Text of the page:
Wheelbarrow Efforts

It's something to do

Spontaneous Improvements

Text Box: When the stroke hit me, I lost everything on my right side: face, neck, back, arm and leg. As others are, I was told that I could expect improvements “even up to two years later”, which left me feeling that I wasn’t sure whether I had been “shot, bored or counter sunk”. Gradually various muscles started to move – twitch really – and I encouraged them with special exercises. Readers of this News Letter may remember the Right Handed Biscuits. I worked on the recovery and was even aggressive about it. This was mainly because I became mesmerised about the approaching 2nd anniversary. I had it in my head that there would be no further improvement once year three started. I was – and am still far from right – so I started to become a little depressed and wondered why I was bothering.That was at the start of the spring (March is the date), and I am ecstatic to tell that spontaneous improvements do happen in the third year. So sucks boo to you doubting Thomases!How do I know? Well several steps took place this September. There are four to tell about: one step backwards; two steps forward; and a step forward too far.The first step forward came to me in the shower of an hotel in Birmingham. It was the second time that we had stayed there, the first time was very early in the year. This hotel has put shower gel in the bathrooms which are fixed to the walls. In February I could not raise my arm high enough to reach the nozzle and was not strong enough to squeeze the bottle. On the latest visit, I could do both. Now is that a result or what?The step backwards is to do with laziness. From the very start I have been forcing my left hand to tie shoelaces, and as time passed the right hand joined in. All summer, I have been wearing sandals with Velcro fasteners. Needing to put on strong shoes to visit Birmingham, I was very surprised to find that it was a real struggle to put on my socks and do up the laces. This represents a genuine step back, and now I am working on it to bring the hands back in line.The second step forward was amazing. During my morning ablutions, my right hand volunteered for toilet paper duties. Yes, think about it – not a time to be clumsy. It was good, clean, and quite like old times. My whole body moved and swung into the correct position like a well practised machine – as it had for the sixty odd years before the stroke. Leg muscles, arm and back moving in perfect harmony. I was stunned.The step too far comes from being cocky I guess.  I had taught my left hand how to put in and remove my contact lenses. As I retired for the night, suddenly and without giving me any warning the right hand approached my eye and removed the lens like old times. I came over all funny and in my excitement clumsily dropped the lens – which meant hunting for the damn thing for fifteen minutes on the floor.I think that the three steps forward are real “spontaneous improvements”. I had not been thinking about the activities (who does) - I’m still concentrating on the full glasses of beer and soup spoons.   So these came out of the blue. It was also a surprise to me that if I stop doing something then the ability to do it goes away and requires effort to get it back. I haven’t the nerve to repeat these last two “improvements” for fear of the consequences of further clumsiness, well not yet anyway.  Perhaps by Christmas.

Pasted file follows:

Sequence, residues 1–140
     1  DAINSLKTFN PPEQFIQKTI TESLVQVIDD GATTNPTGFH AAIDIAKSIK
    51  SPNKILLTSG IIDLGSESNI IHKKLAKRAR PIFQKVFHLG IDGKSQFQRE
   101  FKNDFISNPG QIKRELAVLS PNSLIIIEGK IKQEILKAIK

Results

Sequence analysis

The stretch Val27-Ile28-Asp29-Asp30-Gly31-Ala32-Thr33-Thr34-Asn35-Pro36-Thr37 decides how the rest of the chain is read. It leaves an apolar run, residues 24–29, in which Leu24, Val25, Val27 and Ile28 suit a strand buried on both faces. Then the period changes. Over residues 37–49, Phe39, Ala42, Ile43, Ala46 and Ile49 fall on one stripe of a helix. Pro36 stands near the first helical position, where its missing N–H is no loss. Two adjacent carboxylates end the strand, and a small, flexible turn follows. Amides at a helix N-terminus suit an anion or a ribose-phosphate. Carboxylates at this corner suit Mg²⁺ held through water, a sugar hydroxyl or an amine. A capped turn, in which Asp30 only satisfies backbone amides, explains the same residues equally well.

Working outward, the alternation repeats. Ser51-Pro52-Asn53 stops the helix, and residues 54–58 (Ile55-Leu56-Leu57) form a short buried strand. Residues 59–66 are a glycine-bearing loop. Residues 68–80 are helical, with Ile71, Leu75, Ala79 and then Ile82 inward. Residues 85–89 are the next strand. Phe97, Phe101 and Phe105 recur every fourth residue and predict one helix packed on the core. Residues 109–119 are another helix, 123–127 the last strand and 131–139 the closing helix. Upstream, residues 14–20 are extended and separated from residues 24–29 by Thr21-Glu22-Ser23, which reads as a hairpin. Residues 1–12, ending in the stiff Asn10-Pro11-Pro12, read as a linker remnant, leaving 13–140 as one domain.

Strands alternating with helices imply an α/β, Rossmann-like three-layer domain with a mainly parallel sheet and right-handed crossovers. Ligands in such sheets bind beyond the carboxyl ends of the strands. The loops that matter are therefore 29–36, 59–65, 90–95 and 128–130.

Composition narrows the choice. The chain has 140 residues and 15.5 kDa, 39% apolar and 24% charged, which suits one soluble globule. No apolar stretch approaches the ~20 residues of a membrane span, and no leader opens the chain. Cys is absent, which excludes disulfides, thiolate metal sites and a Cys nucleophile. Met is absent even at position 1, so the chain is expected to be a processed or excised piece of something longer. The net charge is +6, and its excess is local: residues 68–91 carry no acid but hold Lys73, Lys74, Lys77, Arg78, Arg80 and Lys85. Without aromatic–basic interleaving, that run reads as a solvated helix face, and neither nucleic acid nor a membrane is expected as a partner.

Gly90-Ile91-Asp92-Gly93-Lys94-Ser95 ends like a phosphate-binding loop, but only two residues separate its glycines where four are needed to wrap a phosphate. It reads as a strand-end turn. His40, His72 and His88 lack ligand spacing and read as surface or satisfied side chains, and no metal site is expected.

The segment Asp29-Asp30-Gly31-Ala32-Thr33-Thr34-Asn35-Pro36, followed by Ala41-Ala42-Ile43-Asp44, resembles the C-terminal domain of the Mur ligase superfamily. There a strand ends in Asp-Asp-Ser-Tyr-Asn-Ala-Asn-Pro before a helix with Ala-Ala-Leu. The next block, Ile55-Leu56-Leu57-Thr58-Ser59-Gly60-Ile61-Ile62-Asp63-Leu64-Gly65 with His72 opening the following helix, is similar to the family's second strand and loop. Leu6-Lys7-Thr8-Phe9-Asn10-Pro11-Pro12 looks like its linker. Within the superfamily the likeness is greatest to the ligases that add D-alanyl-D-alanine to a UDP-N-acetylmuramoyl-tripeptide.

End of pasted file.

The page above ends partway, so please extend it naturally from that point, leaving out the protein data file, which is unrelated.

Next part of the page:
Caption describing picture or graphic.

Reprint from Stroke Watch No: 9, 2007